By Rachel O'Rourke
Attention Deficit Hyperactivity Disorder, or ADHD, is a disorder which can hinder concentration levels and a person’s ability to effectively relax, socialise and learn. It remains a relatively misunderstood ailment in the UK, especially for those who suffer into adulthood – many of whom go totally undiagnosed.
In October 2011 the Royal College of Psychiatrists published a report titled ‘Attention Deficit Hyperactivity Disorder (ADHD) In Adults’.The leaflet itself is pioneering, in that it outlines the symptoms and treatment for the condition - often considered a child’s disorder - specifically for adults.
Taken from the report:
- ADHD is a pattern of problems which starts in childhood, usually before the age of seven.
- Individuals with ADHD become distracted all the time, are impulsive, and have great difficulty concentrating.
- Around three to five in every 100 school-aged children have ADHD and more than two-thirds of those diagnosed with ADHD as children continue to have these problems as teenagers, with two-thirds of these having problems as adults.
- With age, the over-activity usually gets less. But impulsivity, poor concentration and risk-taking may become more of a problem. These will interfere with work, learning and relationships.
- In adults who have not been diagnosed in childhood, a specialist psychiatric assessment will be needed and patients will be asked to complete questionnaires on early childhood and current problems in order to be treated, usually with therapy and medication.
The road to understanding more about ADHD has been a long one.
Today, people wrongly assume that the symptoms of ADHD always dissipate with age. Teachers and mental-health specialists alike have sometimes been found to be confused, ill-informed and misguided on how to detect, diagnose and treat ADHD effectively.
One infant-school teacher, who has worked with children with ADHD for over six years and who will remain anonymous, said that despite new research she remains “very doubtful about ADHD and diagnosis”.
“I think the behaviours associated [with ADHD] can be signs of other problems and there are real issues with masking things with drugs. I have seen several children diagnosed recently on the basis of one or two appointments and a tick-sheet from the school,” she said.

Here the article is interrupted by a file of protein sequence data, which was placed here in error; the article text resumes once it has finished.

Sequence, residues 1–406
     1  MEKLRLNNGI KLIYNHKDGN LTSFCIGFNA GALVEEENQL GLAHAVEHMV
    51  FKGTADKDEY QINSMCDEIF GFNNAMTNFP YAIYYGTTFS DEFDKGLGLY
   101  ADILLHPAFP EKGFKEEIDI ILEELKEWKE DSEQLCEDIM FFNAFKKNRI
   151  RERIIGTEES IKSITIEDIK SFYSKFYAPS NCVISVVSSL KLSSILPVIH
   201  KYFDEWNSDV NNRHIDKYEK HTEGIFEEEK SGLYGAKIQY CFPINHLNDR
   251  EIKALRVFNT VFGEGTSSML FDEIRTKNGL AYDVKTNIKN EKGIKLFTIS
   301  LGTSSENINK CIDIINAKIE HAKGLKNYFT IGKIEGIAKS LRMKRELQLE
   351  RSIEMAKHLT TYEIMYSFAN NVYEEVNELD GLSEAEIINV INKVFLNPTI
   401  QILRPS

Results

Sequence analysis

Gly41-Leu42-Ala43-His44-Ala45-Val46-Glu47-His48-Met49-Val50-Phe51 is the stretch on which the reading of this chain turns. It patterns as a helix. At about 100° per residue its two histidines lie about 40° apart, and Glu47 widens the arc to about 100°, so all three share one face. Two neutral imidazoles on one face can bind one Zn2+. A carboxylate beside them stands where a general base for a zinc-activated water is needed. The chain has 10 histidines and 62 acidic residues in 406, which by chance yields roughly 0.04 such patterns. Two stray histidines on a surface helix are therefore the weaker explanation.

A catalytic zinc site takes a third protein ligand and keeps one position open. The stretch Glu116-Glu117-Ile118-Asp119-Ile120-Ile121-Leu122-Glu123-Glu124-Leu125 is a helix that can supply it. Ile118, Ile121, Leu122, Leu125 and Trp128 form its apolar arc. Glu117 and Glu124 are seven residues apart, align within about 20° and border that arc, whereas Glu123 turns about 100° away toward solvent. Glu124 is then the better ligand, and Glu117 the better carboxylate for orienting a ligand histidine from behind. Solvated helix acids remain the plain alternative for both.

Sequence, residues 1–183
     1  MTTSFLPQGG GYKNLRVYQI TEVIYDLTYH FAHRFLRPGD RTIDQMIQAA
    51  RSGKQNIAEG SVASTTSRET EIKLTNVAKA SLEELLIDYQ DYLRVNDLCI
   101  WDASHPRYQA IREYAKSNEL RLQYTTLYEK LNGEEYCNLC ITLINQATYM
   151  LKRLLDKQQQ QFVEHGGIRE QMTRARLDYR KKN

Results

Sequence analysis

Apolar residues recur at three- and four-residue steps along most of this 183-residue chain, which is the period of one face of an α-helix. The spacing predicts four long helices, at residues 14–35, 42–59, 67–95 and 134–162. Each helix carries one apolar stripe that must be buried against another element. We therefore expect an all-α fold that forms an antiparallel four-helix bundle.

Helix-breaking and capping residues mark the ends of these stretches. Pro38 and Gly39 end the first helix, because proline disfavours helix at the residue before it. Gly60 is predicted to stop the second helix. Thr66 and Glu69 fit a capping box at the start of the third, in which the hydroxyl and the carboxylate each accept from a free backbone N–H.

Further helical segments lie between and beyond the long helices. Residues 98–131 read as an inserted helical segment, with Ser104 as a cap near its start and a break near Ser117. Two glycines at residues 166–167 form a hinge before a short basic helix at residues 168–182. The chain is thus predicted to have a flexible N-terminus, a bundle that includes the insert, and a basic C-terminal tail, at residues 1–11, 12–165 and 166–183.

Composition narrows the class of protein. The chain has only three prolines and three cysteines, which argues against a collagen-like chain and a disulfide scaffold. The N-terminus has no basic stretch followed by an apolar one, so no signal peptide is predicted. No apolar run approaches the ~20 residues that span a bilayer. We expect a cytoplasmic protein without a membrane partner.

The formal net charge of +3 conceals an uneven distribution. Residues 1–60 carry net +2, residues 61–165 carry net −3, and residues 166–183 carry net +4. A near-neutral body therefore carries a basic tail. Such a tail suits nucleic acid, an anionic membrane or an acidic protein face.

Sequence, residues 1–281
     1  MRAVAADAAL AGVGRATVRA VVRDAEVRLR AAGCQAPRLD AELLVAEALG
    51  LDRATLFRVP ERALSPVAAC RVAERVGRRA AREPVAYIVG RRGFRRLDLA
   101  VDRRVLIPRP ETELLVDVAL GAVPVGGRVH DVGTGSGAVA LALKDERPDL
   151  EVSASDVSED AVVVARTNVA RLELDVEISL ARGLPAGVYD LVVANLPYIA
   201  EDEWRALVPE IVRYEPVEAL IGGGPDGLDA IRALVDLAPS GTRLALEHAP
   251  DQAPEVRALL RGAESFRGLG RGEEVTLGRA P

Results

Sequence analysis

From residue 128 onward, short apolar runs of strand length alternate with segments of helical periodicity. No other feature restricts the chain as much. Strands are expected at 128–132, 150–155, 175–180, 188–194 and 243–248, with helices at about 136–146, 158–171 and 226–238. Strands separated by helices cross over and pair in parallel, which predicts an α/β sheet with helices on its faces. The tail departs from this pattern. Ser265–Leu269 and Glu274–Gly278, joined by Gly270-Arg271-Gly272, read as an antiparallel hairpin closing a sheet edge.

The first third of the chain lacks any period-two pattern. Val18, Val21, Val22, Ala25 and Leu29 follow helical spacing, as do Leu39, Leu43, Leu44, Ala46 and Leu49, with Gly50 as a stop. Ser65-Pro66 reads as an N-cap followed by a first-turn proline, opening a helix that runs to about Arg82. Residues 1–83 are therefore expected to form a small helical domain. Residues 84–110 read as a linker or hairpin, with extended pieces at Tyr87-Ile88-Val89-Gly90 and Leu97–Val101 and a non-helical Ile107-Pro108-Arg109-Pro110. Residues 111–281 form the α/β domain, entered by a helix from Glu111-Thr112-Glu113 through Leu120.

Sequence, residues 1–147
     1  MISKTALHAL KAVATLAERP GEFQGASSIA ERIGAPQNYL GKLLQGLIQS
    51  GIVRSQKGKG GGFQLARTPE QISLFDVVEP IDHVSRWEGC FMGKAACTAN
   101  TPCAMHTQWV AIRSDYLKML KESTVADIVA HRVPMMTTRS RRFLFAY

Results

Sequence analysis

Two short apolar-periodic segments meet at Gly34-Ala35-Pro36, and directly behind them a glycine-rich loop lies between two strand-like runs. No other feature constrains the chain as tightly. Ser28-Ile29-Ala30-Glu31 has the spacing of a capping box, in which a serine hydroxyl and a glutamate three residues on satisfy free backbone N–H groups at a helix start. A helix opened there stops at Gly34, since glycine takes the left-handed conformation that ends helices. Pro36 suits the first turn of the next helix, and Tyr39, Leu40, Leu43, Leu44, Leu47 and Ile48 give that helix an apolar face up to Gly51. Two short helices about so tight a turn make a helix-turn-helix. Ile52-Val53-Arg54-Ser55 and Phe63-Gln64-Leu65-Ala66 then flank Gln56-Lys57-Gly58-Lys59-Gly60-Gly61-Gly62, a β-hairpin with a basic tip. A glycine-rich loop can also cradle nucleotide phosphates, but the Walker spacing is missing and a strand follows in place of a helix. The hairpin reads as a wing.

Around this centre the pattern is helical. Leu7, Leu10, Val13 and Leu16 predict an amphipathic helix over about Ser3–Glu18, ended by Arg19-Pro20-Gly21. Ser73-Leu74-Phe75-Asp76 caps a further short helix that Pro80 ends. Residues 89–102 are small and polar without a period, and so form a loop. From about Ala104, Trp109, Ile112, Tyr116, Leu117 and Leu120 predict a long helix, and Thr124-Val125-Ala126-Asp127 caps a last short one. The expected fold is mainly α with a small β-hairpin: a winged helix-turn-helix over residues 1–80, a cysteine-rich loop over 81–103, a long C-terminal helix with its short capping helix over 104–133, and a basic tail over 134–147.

Where we are today
Although one of the most commonly studied and diagnosed psychiatric disorders in children – affecting around 8% globally – it is a disorder that can fall off the radar once a person reaches adulthood.
The condition affects every individual differently, which makes effective diagnoses difficult. Adolescents with ADHD (estimated at 4.7% of the overall American population) as they grow older, tend to develop coping mechanisms to compensate for their impairments. This can give the impression the disorder has been effectively dealt with.
Although this sounds like half the battle has been won, these self-made strategies can leave a person debilitated in their work and in their relationships
Research into ADHD has come a long way.
A recent edition of Progress in Neurology and Psychiatry included a report of a survey of psychiatric outpatient clinics, where one in five of adult referrals had diagnostic symptoms of ADHD. The report concluded that the prevalence among the men and women attending the clinic studied was almost equal, with the most common diagnosis associated with ADHD being depression. But in the absence of clear diagnostic criteria for ADHD, such recognition is greatly dependent upon the clinician having suspicion of its presence and exploring the elements that might lead to its diagnosis.
What the experts are saying
According to one Harley Therapy doctor and psychiatrist, the UK is slowly catching up with the US in acknowledging that the illness does not go away with age and that ADHD brain changes do persist well into adulthood.
Doctor Steve Humphries, a general psychiatrist at Harley Therapy, who has witnessed the increase in adult ADHD sufferers seeking treatment, said: “I have only really approached [ADHD] in my practice during in the last few years. Prior to that, I was a little sceptical about the condition.